The US has people of every race and ethnicity — Hispanic, Black, Caucasian and Asian — spread in its 50 states. Indians living in the United States have a lot of diversity to handle. My parents moved to the US after they got married. That was in the 70s. I’ve spent a lot of time with their friends during my childhood and college years. Back in my school years, I knew that the Indians got together every weekend and the kids had pizza while the adults had good old home-cooked food. I also never questioned the uniform brownness of our gatherings. Then during my years at the University of Rochester, I met the new generation of Indians, or the Indian-origin Americans who only visited India every few years. This group actually hung out in more colourful groups that included people of Asian, European and African origins. Of course these Indians also had their little club that organised events with Indian food and dances, but they didn’t seem opposed to racial mixing.
But the parents were still picky. They worked with people belong to various races, but they drew the line when it came to marriage. I remember hearing the grown-ups talk about somebody’s daughter. “She is marrying this black guy!” There was much incredulity. “Are you serious?” They were appalled. Then a couple of years later when the marriage broke up: “This is what she gets for marrying into that race.” Indians love fair complexions, so I wasn’t surprised. But it wasn’t just about skin colour. It was also about stereotypes. They were nicer about another girl’s wedding because her African American husband turned out to be a lawyer. Phew!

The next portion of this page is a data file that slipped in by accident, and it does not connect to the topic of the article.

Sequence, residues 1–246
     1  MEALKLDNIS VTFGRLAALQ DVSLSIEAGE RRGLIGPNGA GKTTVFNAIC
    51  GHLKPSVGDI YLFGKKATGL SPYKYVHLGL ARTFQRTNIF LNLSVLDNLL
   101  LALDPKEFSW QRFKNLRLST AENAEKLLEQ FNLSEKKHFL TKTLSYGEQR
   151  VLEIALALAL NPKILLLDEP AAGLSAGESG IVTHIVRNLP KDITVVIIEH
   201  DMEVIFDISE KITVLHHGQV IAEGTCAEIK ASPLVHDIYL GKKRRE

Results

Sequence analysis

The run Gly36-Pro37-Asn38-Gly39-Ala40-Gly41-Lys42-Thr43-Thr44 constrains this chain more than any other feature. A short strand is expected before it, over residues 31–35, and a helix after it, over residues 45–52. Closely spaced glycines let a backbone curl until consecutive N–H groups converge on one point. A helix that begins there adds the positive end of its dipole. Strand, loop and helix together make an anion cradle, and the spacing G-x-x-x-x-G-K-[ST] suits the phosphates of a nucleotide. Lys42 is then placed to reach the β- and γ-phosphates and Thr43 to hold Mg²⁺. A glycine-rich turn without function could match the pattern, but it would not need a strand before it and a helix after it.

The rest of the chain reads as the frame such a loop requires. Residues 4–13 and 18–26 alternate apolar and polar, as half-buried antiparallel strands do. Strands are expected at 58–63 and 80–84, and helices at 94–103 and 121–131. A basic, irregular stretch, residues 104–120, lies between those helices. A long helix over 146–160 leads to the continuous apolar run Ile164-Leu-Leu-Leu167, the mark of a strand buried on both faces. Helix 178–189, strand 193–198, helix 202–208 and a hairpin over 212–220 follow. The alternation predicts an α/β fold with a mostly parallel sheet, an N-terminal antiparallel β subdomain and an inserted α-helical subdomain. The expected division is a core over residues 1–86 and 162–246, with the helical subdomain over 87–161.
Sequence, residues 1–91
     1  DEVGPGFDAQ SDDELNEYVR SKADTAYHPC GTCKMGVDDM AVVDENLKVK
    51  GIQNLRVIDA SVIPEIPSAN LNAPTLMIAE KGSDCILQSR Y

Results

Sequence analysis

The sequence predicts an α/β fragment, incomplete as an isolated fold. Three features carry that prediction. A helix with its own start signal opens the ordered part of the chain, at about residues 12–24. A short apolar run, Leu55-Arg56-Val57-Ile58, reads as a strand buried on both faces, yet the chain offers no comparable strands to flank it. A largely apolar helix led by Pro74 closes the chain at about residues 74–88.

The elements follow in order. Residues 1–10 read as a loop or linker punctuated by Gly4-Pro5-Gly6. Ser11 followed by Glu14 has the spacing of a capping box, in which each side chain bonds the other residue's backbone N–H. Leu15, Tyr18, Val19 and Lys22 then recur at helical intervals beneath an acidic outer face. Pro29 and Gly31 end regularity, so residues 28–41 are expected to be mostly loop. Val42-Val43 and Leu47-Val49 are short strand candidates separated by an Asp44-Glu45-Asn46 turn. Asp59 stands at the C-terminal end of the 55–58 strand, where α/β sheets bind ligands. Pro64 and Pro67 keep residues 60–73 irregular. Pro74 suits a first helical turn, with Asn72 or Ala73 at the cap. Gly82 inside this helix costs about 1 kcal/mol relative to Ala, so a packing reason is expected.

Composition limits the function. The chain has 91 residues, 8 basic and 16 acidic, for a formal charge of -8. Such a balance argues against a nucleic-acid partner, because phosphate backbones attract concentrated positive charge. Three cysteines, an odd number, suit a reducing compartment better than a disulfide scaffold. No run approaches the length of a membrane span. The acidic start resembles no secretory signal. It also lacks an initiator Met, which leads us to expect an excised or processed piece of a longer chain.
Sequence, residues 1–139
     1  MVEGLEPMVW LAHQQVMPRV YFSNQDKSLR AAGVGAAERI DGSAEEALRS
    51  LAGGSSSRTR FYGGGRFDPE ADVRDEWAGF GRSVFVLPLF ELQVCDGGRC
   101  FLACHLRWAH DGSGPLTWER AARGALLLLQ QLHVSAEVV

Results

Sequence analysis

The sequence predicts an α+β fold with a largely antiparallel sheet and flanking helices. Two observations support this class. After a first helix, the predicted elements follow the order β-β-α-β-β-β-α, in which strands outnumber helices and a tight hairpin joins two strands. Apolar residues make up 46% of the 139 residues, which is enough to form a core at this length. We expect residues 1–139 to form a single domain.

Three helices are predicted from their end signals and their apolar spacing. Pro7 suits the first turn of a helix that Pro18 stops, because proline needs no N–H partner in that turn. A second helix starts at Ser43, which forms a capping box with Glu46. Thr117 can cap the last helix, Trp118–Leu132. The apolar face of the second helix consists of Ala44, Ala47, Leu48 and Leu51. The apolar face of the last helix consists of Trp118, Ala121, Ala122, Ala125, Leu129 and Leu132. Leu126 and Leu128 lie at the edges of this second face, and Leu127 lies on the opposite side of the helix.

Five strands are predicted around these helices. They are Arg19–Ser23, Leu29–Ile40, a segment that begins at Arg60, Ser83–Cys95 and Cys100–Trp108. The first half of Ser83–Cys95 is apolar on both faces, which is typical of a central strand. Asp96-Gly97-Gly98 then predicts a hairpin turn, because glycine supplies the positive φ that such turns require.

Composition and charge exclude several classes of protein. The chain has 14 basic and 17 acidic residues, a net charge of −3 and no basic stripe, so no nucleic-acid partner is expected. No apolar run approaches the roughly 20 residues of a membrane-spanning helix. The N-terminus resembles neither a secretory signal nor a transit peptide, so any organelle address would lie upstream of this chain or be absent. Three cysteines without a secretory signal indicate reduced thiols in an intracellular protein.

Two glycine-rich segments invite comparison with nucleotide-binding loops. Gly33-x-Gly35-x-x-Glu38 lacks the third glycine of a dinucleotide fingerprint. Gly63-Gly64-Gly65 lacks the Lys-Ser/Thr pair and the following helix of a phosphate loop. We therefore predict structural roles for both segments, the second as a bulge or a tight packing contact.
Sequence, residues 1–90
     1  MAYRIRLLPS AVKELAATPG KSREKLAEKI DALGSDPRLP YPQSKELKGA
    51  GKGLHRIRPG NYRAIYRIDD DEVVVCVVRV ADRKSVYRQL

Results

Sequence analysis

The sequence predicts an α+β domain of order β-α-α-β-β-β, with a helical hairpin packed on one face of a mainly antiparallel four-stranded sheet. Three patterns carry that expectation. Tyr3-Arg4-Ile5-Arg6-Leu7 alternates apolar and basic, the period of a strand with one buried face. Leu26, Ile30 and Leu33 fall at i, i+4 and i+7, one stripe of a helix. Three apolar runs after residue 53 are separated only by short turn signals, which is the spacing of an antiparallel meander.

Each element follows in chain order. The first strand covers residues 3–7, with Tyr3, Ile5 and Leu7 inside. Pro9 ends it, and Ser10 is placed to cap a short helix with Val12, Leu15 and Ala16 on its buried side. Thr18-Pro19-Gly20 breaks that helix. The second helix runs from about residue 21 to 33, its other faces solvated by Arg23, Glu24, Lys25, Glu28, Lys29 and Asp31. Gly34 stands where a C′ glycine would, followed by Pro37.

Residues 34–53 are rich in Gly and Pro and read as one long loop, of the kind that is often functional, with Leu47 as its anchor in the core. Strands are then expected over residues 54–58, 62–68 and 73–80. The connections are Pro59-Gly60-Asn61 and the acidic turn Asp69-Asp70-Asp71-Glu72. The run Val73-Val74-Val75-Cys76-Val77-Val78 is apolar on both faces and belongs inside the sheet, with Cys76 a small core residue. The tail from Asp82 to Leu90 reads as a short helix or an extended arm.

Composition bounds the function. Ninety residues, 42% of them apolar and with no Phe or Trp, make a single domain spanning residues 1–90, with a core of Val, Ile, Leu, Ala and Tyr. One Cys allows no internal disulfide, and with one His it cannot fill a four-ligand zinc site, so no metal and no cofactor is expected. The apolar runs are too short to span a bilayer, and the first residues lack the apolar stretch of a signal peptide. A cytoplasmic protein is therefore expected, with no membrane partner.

And then there was a family friend’s daughter who married a Hispanic man. She didn’t dare tell her parents that she was dating a Hispanic guy until the day he proposed marriage. When she did tell them, all hell broke loose. In fact, her father refused to attend the wedding until her mother convinced him to be nice. Judging from the conversation around me, I understood that marrying a White person was not as bad as marrying a Black or Hispanic one. White people were respectable. Oh, they had such nice pale skin too.
First published in HuffPost India blogs
She’d played the movie in her head time and time again. He’d ask her to join him for a walk. They’d hold hands and let the end sink in. Then he’d kiss her goodbye at her doorstep. But it didn’t happen that way when it really happened. She was shocked that he just stopped taking her calls and broke up by email. “This is so wrong,” she thought. She hated this movie.
First published in The Huffington Post India Blogs